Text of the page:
With 60% of Australian women over 18 being overweight or obese, it’s not surprising that diets sell.  In fact, research by IBISWorld estimated that Australians’ spending on weight loss counselling services and related low-calorie foods and dietary supplements  will reach more than $452 million in 2019-2020. Despite this, our waistlines continue to increase.  So where are we going wrong?

The main problem is that ‘diets’ don’t work, lifestyle changes do. Most diets are too restrictive which makes them unsustainable in the long term. If the diet cuts out whole food groups, makes it difficult to socialise or requires hours in the kitchen it is unlikely to be something you can stick to for long.

The key is to find an eating plan you can adopt for the long term. One which is good for your health and for your waist.  And while different types of eating plans will work for different people, there are some key habits that will help anyone who wants to lose weight and keep it off for good.

Losing weight – the habits that count

  • Eat mostly nutrient-dense, minimally processed wholefoods. This means building your meals and snacks around vegetables, fruits, wholegrains, legumes, nuts, seeds and lean protein foods.
  • Limit discretionary foods. These are foods (and drinks) we choose to eat for pleasure that don’t provide much nutritional value and tend to be high in energy – think chips, confectionary, soft drinks and sweet biscuits. You don’t need to cut them out entirely if they are things you enjoy but you do need to keep these to a minimum when trying to lose weight and still meet your nutritional needs.
  • Let your appetite guide you. Recognise when you are hungry and when you are satisfied and aim only to eat when you are hungry (but not starving, or you will overeat) and to stop when you are satisfied (and not over-full).
  • Work on your eating habits. Sitting at the table to eat (and not on the run, in the car, or in front of the TV or computer) and eating slowly can make a real difference to how much you eat and how satisfied your meal leaves you feeling.
  • Move more. If you are not currently exercising then start small (even if it’s only 5-10 minutes per day) and gradually increase the duration and intensity over time.  Also try to get as much movement in your day as you can and avoid sitting for long periods at a time.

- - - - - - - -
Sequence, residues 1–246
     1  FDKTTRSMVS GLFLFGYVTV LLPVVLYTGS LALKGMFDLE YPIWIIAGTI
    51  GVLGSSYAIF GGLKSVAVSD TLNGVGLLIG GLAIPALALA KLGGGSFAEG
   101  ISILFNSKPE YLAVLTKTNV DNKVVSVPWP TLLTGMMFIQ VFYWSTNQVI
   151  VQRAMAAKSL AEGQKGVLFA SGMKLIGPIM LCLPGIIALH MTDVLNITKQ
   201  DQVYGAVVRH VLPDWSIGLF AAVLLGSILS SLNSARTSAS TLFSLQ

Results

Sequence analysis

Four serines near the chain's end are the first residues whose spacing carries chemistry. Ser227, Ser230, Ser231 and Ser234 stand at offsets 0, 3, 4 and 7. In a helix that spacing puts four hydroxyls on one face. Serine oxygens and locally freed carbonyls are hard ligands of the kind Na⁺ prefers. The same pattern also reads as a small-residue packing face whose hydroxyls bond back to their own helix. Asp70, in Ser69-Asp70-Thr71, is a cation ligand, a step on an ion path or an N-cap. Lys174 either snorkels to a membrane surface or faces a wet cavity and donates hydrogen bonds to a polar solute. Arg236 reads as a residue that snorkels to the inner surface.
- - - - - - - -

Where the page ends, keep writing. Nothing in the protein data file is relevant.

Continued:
• Improve sleep. Poor sleep can contribute to weight gain and make it harder to lose weight. Lack of sleep worsens insulin sensitivity, leads to hormonal changes which influence weight and can also affect levels of satiety hormones which in turn influences hunger and appetite.  Being tired also makes it harder to get enthusiastic about exercising and eating well!
  • Reduce stress. Like poor sleep, stress can worsen insulin resistance and lead to weight gain. It can also contribute to emotional eating. Taking steps to reduce your stress levels and finding ways to manage stress, including scheduling time for rest and relaxation, should be an important part of your health and weight management plan.

Unfortunately, there are no quick fixes, so forget the latest fad.  Instead, make healthy food choices, watch portion sizes, listen to your appetite, move more and get enough sleep and rest.  It won’t make front page news or a bestseller, but it works!

For more information:

Need more help with losing weight?  Consider seeking advice from an Accredited Practising Dietitian  (APD) who can help you to develop an eating plan suited to your individual needs while taking into account any other health problems you may have, and the types of foods you enjoy eating. To find your local APD call Dietitians Australia on 1800 812 942 or search on the website. 


  1. Australian Government Institute of Health and Welfare: The health of Australia’s females
  2. IBIS World: Weight Loss Services in Australia
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